Python class - attribute inheritance

Question

I am trying to implement a project using class inheritance, where parent class is:

class radio:

    def __init__(self, artist=None, track=None, genre=None):

        self.artist = artist 
        self.track = track
        self.genre = genre

then I create methods for each attribute (non working examples):

    def seed_artist(self):
        results = api.search(q=self.artist, type='artist')
        return results 

    def seed_track(self):
        results = api.search(q=self.track, type='track')
        return results

    def seed_genre(self):
        results = api.search(q=self.genre, type='genre')
        return results

the user is going to pick a seed above (only one), being it either artist, track, genre or mood, and that's why I initialize all arguments with None, leaving the argument value to be inserted at inheritance level.

the inherited class is:

class playlist(radio):

    def __init__(self,user):
        radio.__init__(self, artist, track, genre)

lets say user inputs at command line a track seed, and my script ends up starting with a global variable:

track = 'karma police'

this way, all other attributes (artist, genre) remain None.

when I create an instance, say:

jeff = playlist('Jeff Smith')

It will throw an error saying that genre and artist are not defined, and I would have to inherit only trackattribute, like so:

radio.__init__(self, track)

I know I could start the script with global variables defined:

track = None
genre = None
artist = None

and this would allow me to have:

radio.__init__(self, artist, track, genre)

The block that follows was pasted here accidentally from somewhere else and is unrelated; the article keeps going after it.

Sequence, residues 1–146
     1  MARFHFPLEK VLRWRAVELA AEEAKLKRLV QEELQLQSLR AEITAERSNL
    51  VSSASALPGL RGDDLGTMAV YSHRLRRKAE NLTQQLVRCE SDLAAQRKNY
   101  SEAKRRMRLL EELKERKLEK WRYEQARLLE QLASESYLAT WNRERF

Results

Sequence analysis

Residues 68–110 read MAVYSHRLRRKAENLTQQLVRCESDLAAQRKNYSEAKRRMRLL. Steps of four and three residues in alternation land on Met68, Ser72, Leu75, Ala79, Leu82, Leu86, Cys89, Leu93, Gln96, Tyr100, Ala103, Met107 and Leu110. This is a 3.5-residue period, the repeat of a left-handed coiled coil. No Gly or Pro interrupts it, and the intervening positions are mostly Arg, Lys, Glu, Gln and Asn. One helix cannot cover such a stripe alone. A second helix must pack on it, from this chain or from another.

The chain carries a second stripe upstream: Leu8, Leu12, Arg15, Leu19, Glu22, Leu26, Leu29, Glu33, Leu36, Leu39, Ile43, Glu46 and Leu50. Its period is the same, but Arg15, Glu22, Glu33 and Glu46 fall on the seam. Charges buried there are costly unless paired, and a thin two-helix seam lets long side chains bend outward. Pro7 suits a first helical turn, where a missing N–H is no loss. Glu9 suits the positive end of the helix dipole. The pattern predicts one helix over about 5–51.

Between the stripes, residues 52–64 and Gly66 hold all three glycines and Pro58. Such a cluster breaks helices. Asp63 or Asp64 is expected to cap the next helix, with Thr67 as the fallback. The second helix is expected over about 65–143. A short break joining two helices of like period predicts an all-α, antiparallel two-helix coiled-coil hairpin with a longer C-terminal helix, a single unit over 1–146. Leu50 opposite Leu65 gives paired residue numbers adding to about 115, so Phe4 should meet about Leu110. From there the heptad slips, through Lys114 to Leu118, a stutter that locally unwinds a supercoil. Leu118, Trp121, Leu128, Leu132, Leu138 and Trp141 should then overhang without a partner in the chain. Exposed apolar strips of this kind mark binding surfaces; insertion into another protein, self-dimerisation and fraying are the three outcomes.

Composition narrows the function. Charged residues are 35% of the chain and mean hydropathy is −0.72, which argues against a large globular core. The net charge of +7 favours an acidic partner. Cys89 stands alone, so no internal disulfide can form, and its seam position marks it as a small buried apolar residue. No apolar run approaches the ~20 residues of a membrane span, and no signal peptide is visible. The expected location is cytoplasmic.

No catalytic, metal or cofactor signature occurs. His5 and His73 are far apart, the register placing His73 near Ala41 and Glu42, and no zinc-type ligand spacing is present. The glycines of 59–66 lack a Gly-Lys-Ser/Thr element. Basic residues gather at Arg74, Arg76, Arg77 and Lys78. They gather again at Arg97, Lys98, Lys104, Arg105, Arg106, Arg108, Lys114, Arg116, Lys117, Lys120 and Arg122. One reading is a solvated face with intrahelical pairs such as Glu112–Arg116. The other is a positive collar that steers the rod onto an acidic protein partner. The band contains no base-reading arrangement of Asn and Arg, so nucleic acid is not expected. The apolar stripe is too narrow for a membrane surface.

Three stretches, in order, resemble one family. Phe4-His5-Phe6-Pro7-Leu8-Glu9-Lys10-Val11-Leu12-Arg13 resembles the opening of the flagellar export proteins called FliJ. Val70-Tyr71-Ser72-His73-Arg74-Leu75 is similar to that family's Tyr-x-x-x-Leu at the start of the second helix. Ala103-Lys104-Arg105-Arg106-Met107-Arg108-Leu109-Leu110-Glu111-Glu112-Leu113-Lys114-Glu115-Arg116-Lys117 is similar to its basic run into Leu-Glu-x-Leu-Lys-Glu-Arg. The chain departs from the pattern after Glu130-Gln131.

but this seems to me rather redundant...

Is there a workaround this, with no need for initial values of global variables set to None, keeping all the code within class scope definitions?


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| class   | python   | inheritance   2016-12-31 19:12 2 Answers

Answers to Python class - attribute inheritance ( 2 )

  1. 2016-12-31 19:12

    Instead of using a separate global variable for each field, use a single dictionary for all fields. Then you can pass the dictionary as keyword arguments.

    That is, instead of creating a global variable called artist, create a dictionary called radio_fields or something. When the user inputs their query, set a key on this dict:

    radio_fields = {}
    ...
    # when you get the user's command
    radio_fields['track'] = 'Karma Police'
    

    Now you can call radio.__init__(self, **radio_fields). This will pass as arguments whatever keys are in radio_fields. If there is only one, only that one will be passed, and the others will take their default values as you defined them when you defined radio.__init__.

    There might be a better way to structure your overall program, but it's hard to say based on what you've shown here. For instance, it's unclear why playlist only accepts one user argument. If playlist accepted all the field arguments that radio accepted, it could pass them on to radio without any problem.

  2. 2016-12-31 20:12

    You don't have those variables to pass, so don't try and pass them. The parent class already has defaults for them, so just pass the one you need:

    radio.__init__(self, artist=artist)
    

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